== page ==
Here we see the S.S. Amarapoora as built, berthed later in the 1920s

The S.S. Amarapoora and her sister the S.S. Pegu, which were built much at the same time, but due to delays the Pegu was delivered towards the end of 1921, were built especially to serve on the Liverpool to Rangoon run.

Refitting the Amarapoora & the Pegu:

In 1935 the Amarapoora was given a considerable refit, which saw the promenade Deck forward section glazed in and her passenger accommodation was reduced to just 124 First Class, but offering more single and twin bedded cabins. In addition her public rooms also received extensive refurbishments, and she came out of this refurbishment a better ship! Around that same time the S.S. Pegu also received a similar refit. Upon completion, a massive advertising campaign commenced, as the three images below will attest to!

A postcard of the S.S. Amarapoora after her refit, revealing her newly partially glazed in promenade Deck


The above schedule reveals that both the S.S. Amarapoora and the S.S. Pegu sailed on the following schedule: Liverpool, Gibraltar, Marseilles, Port Said, Port Sudan, Rangoon, whilst on their return voyages they also called at London and then to Liverpool.

A promotions Agency poster for the Henderson Line

HMHS Amarapoora:

In 1939 preparation for WW II the Royal Navy requisitioned the S.S. Amarapoora and converted her into a hospital ship, which also saw her aft lower superstructure being extended aft. She then became the HMHS Amarapoora, and was equipped with 503 beds, with a medical staff of 103 persons, and a crew of 121.

She became the base hospital ship off St. Margaret’s Hope & Scarpa Flow, both located off the Orkney Islands (Scotland). But in April 1940 she took part in the evacuation from Norway, transporting some 3,063 patients.

HMHS Amarapoora is seen here at Scarpa Flow

Photograph is courtesy - IWM 368

Then in October 1942 she was involved in “Operation Torch,” carrying many wounded from North Africa to the United Kingdom. In addition, she was present at the Salerno landings in September 1943, and she was one of the three hospital ships attacked from the air, which had her having to resulting in her withdraw to Bizerta.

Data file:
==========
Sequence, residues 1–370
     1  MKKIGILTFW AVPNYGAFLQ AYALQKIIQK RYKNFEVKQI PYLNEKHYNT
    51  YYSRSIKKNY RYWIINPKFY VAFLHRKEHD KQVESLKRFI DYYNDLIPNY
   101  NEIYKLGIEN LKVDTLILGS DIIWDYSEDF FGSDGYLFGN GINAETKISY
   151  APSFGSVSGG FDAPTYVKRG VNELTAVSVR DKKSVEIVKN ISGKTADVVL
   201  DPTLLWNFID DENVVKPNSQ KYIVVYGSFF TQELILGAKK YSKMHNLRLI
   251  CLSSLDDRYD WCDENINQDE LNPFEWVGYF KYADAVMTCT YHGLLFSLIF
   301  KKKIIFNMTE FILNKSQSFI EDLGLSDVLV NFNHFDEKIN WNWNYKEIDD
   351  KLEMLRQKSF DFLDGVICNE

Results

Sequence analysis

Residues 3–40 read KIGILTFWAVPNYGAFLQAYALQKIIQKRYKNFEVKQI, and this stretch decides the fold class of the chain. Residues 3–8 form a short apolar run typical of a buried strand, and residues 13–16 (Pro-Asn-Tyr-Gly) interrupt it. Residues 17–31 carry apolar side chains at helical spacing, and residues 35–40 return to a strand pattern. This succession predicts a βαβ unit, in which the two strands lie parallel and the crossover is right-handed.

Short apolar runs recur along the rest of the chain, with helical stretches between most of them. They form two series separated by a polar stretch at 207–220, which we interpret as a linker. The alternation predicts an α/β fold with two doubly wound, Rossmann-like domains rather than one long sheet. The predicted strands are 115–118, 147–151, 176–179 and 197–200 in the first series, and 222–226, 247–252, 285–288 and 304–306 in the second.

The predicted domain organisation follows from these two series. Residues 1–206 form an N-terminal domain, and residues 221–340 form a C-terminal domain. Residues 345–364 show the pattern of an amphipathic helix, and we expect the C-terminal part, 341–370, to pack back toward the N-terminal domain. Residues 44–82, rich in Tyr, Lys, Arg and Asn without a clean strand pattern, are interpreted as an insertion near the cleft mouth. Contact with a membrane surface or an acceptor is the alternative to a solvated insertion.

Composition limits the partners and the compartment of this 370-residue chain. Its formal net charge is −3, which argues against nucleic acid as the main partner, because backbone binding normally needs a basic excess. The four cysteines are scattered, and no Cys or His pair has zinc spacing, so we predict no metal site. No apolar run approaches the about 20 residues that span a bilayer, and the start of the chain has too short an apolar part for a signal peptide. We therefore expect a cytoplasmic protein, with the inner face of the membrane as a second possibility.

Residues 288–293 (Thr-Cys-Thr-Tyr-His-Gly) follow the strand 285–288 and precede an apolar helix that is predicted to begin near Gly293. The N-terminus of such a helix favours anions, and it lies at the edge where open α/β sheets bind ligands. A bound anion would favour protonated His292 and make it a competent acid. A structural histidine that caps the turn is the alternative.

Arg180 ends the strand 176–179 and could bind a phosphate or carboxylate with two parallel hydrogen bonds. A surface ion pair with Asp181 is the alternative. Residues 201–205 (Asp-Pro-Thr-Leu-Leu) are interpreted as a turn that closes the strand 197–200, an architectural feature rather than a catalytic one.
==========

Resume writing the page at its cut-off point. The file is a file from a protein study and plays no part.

Then she was sent back to the Clyde, in November 1943, where she received another refit, in addition she was fitted with air conditioning, as well as an additional 100 beds, after which she returned to service.

HMHS Amarapoora is seen here after her 1943 refit

In August 1946 she was officially paid off by the Royal Navy, but she was taken over and owned by the “Ministry of Transport” (London), in order to transport French nationals from Saigon to Toulon, Dutch from Indonesia to the Netherlands and pilgrims from the Levant to Jeddah. In addition, she also repatriated German prisoners of war as well as their wounded. Her hospital ship role concluded in 1948.

S.S. Amarapoora Refugee ship:

In 1948 she was sent to the Clyde shipyards were all her wartime hospital fittings were removed and she was now converted into an austere ship suitable to transport up to 650 displaced persons, as the ship had been chartered by the “International Refugee Organisation” (IRO).

S.S. Amarapoora is looking her old self, but her accommodations were now very humble